“Hybrid Workforce Models Hurt Diversity”
This myth is easy to bust as hybrid workforce models make it easier to hire a more diverse talent pool. Using technology, remove subconscious bias in recruitment, development, and performance management to strengthen your DEI strategy. This approach will ensure you employ diverse candidates either way. Also, many studies show that remote working, when enhanced with the right infrastructure, has benefited women workers.
What you can do is make incremental changes in the way you conduct your daily activities. For example, ensure everyone is heard in the virtual meeting, listen to employees, and keep asking for feedback.
“We Need to Closely Monitor and Measure What Employees Are Doing”
As we’ve explained, WFH has positively impacted worker productivity. This is an opportunity to focus on consistency over the amount of work done. Leaders and HR should create a set of parameters to judge the success of the hybrid model in their office based on outcomes. That will help understand whether this model is working, and where you should improve it.
“Our Jobs Can’t Be Done Remotely”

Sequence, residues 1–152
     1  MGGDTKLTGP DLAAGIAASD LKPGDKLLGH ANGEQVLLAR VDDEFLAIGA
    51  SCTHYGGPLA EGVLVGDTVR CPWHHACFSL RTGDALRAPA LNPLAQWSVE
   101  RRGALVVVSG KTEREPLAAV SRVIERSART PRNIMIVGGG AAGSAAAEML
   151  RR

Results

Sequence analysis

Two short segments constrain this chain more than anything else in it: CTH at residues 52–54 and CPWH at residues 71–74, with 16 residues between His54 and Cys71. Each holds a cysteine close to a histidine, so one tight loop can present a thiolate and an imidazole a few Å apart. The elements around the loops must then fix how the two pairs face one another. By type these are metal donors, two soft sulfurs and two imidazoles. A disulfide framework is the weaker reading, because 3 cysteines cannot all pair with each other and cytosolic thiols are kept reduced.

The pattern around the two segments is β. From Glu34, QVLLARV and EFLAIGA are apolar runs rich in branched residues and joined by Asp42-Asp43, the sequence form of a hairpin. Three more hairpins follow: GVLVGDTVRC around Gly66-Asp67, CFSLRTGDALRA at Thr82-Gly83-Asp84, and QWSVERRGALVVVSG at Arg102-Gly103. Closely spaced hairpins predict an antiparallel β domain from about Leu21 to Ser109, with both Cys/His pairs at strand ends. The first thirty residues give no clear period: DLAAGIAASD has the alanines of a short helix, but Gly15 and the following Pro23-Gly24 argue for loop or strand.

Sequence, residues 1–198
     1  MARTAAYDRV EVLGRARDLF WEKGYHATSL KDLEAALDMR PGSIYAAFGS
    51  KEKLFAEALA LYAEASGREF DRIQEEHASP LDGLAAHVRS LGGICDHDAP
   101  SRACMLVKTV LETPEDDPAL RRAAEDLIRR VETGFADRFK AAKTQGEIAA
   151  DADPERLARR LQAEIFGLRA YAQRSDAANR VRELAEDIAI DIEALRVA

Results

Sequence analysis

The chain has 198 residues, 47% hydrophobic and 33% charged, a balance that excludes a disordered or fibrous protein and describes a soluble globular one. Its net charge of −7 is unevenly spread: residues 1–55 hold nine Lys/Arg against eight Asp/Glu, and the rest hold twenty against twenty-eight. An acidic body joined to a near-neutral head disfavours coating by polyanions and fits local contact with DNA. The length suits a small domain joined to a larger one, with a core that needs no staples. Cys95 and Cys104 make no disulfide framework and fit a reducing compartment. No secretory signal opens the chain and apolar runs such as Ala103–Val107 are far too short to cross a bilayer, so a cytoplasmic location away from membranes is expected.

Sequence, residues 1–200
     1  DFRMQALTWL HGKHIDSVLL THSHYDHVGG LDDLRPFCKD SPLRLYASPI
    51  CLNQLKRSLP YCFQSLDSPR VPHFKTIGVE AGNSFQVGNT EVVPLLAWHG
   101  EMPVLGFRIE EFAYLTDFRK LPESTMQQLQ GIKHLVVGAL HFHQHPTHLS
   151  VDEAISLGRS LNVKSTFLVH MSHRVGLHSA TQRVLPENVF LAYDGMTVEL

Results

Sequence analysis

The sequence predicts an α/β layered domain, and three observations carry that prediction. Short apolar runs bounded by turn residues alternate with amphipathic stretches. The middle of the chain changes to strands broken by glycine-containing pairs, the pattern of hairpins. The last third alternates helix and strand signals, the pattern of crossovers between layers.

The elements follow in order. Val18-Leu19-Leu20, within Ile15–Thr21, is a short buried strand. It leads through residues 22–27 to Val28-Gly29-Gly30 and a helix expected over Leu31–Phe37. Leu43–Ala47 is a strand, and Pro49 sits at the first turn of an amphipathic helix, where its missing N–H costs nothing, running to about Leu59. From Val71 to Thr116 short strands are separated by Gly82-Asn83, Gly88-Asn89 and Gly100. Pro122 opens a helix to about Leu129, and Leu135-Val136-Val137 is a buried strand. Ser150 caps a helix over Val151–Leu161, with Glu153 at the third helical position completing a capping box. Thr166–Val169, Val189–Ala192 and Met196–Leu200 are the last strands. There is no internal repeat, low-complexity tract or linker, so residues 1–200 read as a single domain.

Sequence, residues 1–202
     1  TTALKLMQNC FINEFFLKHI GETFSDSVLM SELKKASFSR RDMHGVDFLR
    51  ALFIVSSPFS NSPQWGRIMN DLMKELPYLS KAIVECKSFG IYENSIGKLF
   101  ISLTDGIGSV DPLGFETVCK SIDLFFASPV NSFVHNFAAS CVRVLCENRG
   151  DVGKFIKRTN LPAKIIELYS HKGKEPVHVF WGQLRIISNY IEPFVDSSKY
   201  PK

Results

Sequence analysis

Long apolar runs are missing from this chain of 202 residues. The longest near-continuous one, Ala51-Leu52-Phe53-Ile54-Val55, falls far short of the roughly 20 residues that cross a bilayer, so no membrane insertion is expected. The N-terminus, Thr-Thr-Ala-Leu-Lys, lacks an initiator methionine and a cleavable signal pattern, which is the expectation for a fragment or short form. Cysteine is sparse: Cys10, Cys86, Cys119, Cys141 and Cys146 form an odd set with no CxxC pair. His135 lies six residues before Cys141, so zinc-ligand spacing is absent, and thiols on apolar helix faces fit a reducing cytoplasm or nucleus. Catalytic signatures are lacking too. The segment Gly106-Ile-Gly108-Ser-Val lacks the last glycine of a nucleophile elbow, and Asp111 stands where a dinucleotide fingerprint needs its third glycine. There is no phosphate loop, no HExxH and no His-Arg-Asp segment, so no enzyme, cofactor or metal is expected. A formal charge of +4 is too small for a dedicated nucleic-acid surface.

Some leaders think that many jobs aren’t suitable for remote work. Gartner suggests a scale with ‘fully portable’ being on one end, and ‘fully non-portable’ being on the other. Some jobs are fully portable, others are fully non-portable, and many have a mix of both kinds of tasks. Instead of generalizing, look at the different components of the job role and see which tasks fall where on this scale, and decide the apt mix.
“A Hybrid Workforce Model Duplicates Our IT Infrastructure”
In the study, 70% of infrastructure and operations employees felt that this model was at odds with infrastructural needs for reliability and efficiency. But this mindset cramps agility. To cope with change, organizations have to be able to continuously change their strategies and infrastructures.
To do this, executives can define the specific requirements, such as minimum download and upload speeds, and provide those to their workers. Create solutions that help your employees optimize their performance. Invest in cloud-based services. These are reliable and provide services regardless of worker location.
“We Need In-Person Contact to Sustain Our Culture”
Many executives feel that a lack of contact in person will deteriorate the corporate culture of their workplace and curb ownership. Realistically speaking, values are changing and companies must be ready to shift with those. The most important cultural values today are collaboration, trust, and agility – and these don’t relate to a physical location. Leaders can foster virtual gatherings, encourage employees to use formal and informal networks, and more, to upkeep a feeling of unity among employees.
If enterprise leaders can change their mindsets about the hybrid work model and implement some of these suggestions, they’ll be ready to take on the new world. That apart, smart facility management apps like SeQure will help them manage their distributed workplace.